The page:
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Teradici has been focusing on technology that brings a
low-latency, fast and graphics-intensive experience to a desktop user, all
without having a PC nearby. The concept here is pretty simple—bridging a true
PC or workstation computing experience over the network using existing IP
technology (cables, switches, routers)—yet at the same time it’s a pretty tall
order in today’s traffic cluttered infrastructure. Teradici’s approach involved
developing a chip set and high-performance graphics compression algorithms that
make a PC over an IP network possible.

Shifting the burden of CPU processing
power back to the data center from the desktop offers several easy-to-identify
advantages, ranging from better control of expensive hardware, consolidation of
space and centralized hardware support. Yet those advantages only scratch the
surface of what Teradici has to offer a well-planned enterprise, many of which
were unthought-of during the product’s development.

To better comprehend what some of those
advantages are, one has to understand exactly what Teradici’s technology is or

Some classify what Teradici is doing as
thin-client computing, zero client technology, remote PC access and a host of
other names that don’t actually fit the Teradici mold. Teradici isn’t desktop
virtualization, and it is not a technology that allows users to share
virtualized machines; it also isn’t meant to be used as a remote (off-site)
access solution. So, what exactly is Teradici about and why is there so much
confusion about PC over IP (PCoIP)?

We looked at the company’s evaluation
kit, which included a TERA Host PCIe card, TERA
Portal, power supply, Teradici firmware, and various cables and connectors. The
goal of the hardware was quite simple: Install the TERA
PCIe host card into a PC; plug an Ethernet cable into the host card and then
plug the TERA Portal into the same subnet;
connect a monitor, mouse and keyboard; and then access the host PC remotely,
over IP via the TERA Portal.

Host PCIe card works by interfacing with the host PC; the PC’s video output is
connected to the TERA Host PCIe card; and
the TERA Host Card handles converting video
and user interaction into a specialized form of IP traffic. The TERA
Portal speaks to the host PC over the IP network and handles displaying the
PC’s video and user I/O functions. The hardware is pretty slick and worked well
in our test environments.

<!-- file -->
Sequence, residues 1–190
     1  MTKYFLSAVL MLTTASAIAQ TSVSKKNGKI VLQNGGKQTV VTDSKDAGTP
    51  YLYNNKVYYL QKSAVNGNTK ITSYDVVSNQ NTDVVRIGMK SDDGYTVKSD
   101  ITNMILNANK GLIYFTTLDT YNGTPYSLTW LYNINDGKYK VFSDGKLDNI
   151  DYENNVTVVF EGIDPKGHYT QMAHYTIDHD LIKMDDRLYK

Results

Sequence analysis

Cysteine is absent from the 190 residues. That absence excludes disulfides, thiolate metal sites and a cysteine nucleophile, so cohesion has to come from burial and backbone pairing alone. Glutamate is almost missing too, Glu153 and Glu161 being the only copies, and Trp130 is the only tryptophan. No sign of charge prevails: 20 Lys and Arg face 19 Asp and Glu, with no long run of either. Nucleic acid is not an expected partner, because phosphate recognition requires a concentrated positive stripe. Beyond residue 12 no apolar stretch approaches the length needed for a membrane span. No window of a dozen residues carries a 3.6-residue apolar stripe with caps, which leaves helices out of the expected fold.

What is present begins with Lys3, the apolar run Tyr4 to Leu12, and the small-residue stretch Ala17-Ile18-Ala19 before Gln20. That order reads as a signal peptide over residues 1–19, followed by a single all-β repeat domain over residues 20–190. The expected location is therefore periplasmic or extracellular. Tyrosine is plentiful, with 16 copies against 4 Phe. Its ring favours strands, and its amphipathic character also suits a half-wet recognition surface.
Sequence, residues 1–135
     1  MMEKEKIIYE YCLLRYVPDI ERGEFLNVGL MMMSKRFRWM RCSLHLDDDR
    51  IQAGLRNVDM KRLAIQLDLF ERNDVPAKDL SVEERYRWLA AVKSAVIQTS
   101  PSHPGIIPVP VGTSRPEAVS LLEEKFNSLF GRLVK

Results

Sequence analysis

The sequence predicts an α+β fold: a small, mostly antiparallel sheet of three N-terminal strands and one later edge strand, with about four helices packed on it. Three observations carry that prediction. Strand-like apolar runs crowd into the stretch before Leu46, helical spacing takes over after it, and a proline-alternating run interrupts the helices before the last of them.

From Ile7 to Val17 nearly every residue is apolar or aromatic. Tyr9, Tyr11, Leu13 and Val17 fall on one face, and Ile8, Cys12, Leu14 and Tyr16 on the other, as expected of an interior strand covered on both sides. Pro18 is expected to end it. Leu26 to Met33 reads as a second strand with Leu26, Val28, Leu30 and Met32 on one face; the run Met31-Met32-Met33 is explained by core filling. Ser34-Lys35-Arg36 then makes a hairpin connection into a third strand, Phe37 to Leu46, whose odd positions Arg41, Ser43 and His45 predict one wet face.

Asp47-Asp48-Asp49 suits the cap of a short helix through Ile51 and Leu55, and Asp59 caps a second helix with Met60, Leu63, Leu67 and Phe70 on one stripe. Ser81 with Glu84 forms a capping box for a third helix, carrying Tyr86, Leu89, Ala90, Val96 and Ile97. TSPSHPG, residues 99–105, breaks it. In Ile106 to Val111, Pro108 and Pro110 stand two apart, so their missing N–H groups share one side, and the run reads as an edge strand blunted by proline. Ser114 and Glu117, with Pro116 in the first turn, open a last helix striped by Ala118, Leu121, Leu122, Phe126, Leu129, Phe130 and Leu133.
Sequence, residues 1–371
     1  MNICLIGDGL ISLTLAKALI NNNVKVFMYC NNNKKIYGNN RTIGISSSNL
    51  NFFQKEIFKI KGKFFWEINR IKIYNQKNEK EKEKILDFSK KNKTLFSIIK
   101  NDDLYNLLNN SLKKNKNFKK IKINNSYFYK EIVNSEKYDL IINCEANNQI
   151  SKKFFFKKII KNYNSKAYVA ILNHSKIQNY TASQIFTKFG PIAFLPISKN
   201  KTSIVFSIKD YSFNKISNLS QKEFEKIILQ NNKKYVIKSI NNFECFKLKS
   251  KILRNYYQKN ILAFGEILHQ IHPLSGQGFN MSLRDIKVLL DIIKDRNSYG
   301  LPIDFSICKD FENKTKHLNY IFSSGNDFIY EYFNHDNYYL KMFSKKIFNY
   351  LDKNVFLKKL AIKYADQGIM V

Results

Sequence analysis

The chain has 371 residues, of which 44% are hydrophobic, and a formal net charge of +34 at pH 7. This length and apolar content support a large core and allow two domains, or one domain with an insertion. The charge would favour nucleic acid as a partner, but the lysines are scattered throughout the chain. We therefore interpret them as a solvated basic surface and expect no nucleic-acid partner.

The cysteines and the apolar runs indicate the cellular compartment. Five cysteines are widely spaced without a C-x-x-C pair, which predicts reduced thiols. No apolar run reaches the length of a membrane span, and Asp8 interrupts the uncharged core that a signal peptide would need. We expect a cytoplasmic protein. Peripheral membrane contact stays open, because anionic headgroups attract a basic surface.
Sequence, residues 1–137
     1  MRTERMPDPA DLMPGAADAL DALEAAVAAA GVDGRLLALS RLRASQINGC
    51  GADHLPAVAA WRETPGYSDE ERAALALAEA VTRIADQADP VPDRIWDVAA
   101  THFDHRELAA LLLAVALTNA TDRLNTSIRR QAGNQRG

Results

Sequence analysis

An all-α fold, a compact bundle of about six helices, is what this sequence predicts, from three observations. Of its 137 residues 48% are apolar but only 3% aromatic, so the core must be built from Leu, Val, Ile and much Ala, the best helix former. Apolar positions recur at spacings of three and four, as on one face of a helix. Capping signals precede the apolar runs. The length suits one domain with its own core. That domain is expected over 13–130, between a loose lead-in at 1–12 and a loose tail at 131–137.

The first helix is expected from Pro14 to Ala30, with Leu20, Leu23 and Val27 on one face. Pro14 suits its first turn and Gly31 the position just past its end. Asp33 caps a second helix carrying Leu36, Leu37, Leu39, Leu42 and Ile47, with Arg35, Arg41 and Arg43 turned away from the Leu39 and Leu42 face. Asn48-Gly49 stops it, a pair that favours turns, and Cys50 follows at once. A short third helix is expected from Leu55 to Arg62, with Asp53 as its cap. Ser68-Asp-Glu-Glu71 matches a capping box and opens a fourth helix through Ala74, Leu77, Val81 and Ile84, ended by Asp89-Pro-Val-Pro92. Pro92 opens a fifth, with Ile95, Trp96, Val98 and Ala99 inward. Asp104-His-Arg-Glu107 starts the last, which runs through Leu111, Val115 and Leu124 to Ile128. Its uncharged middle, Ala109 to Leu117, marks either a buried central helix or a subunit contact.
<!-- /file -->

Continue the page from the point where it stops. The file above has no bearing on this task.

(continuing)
We tried out the Host Card on several
machines, including an HP xw6600 workstation, an AMD Phenom II-based white box system and an Intel Core i7 based white box.  The product worked
flawlessly in each instance, and remote performance was excellent on our fast
Ethernet subnet.

Out of the box, the target audience for
the Teradici solution is for those users who need access to high-performance
PCs for CAD/CAM or other demanding work. The
idea is to provide those users with an acceptable experience, without placing
an expensive workstation at their desks.

There are a few direct advantages to that
scenario. First off, an expensive workstation PC is locked away safely.
Secondly, that PC can also be housed in a low-dust, low-heat server room that
offers stable electricity and local backup resources. That PC can also be
maintained by IT staffers in the data center, eliminating trips to the various
desks in the business.

Those are the obvious benefits here, but
there are many not-so-obvious advantages to the Teradici solution, which can
help secure computing environments.

Those benefits can materialize when integrators
consider rewiring the IP network, which would improve security, speed and
reliability. Simply put, data housed in IP traffic never needs to leave the
data center. What an integrator could do with the Teradici PCoIP system is
divide the network into two (or more) segments. The IP network in the data
center would be used to connect the host PCs to an internal (to the data
center) Gigabit Ethernet backbone, while the RJ-45 port on the Teradici host
card would be connected to a separate IP network, which would only be
responsible for delivering PCoIP traffic to the TERA
Portal. The PCoIP traffic is highly compressed, encrypted and proprietary,
preventing anyone from “sniffing” data packets from the subnet located at users’

The PCs, located back in the data center,
will perform faster, thanks to the Gigabit Ethernet connectivity. The security
advantages doesn’t end there—by eliminating the PC at a desktop/public location
it becomes much more difficult for data to be stolen. Those deploying the TERA
Portals should disable the USB ports on the
units, which effectively enforces a DLP
policy, where no peripherals can be plugged in to copy data. Also, without
physical access to the PC, hard drives cannot be stolen (for the data), CDs
cannot be burned (for copying data), and devices/software that capture data
cannot be installed.

Combining an isolated backbone with a
Teradici solution may very well be the best way to deploy DLP
in highly sensitive environments, without hampering productivity and still
giving users access to high-performance PCs.

Therein lies a big opportunity for solution
providers, who can create super-secure solutions that offer both physical and DLP
security. Those solution providers can make Teradici part of the puzzle, but
also participate in the re-engineering of the IP network, sell the high-performance
PCs for the data center, offer the peripherals (keyboard, monitor, mouse), and
integrate data center-based security appliances, define security policies and
provide the services to make it all work.

Currently, EVGA
is selling the Teradici hardware for $399 MSRP, making it somewhat expensive.
But if one was to consider the cost of securing the typical desktop for DLP
purposes, the price isn’t that excessive. Samsung also sells a 19-inch LCD
monitor, which incorporates the TERA Portal
hardware, at a street price of under $500.